Declassified files: Queen made tax offer ‘to deflect media criticism’

The Queen had asked prime minister John Major in 1992 to 'consider arrangements by which she could pay the equivalent of income tax on her private income'
The Queen had asked prime minister John Major in 1992 to 'consider arrangements by which she could pay the equivalent of income tax on her private income'

Then prime minister John Major rushed out the news the Queen had agreed to pay income tax to deflect growing media criticism during her “annus horribilis”, according to newly released official files.

The year 1992 was marked by the very public breakdowns of the marriages of Charles and Diana and the Duke and Duchess of York as well as the divorce of the Princess Royal and her first husband Captain Mark Phillips.

The final blow came when a fire caused extensive damage to Windsor Castle, prompting an outcry when it was suggested that the estimated £60 million repair bill should be met by the taxpayer.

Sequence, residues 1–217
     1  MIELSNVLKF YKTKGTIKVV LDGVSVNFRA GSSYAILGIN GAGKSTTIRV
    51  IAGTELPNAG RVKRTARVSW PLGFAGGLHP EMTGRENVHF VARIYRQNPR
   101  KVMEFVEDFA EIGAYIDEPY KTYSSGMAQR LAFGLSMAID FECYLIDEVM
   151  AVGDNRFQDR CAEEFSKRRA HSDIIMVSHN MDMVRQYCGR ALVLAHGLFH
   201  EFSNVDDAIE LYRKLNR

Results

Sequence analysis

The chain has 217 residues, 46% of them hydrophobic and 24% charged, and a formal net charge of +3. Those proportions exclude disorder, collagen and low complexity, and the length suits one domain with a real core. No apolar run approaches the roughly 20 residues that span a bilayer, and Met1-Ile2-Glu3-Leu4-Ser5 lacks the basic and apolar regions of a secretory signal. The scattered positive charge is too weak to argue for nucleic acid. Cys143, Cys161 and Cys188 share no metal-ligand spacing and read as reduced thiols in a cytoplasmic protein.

With the Royal Family under scrutiny as never before, files released by the National Archives at Kew, west London, show the growing concern among ministers at the effect the “intrusive and intolerable” media coverage was having.

On November 26, Mr Major finally revealed to the cabinet the Queen, who was not subject to taxation, had asked him some months earlier to “consider arrangements by which she could pay the equivalent of income tax on her private income”.

The Prince of Wales, he said, had made a similar offer in relation to his income from the Duchy of Cornwall.

A team of officials had been quietly working on the plan, and Mr Major told ministers that he had intended to make announcement in a few weeks, when the exercise was complete.

However, the cabinet minutes noted: “In the light of recent unjustified media criticism of the Queen’s taxation position and after discussion with Her Majesty, he had decided to tell Parliament later that day that these discussions were taking place and also that the Queen proposed to take on some Civil List payments.”

In the discussion that followed, ministers agreed the move was “most welcome” and should put a stop to one of the major sources of criticism of the Royal Family.

The minutes added: “On the other hand, this gesture would not by itself change the behaviour of the media and some would represent it as resulting from their pressure.

“The Government should reinforce the Queen’s initiative by strong expressions of support for the institution of the monarchy.”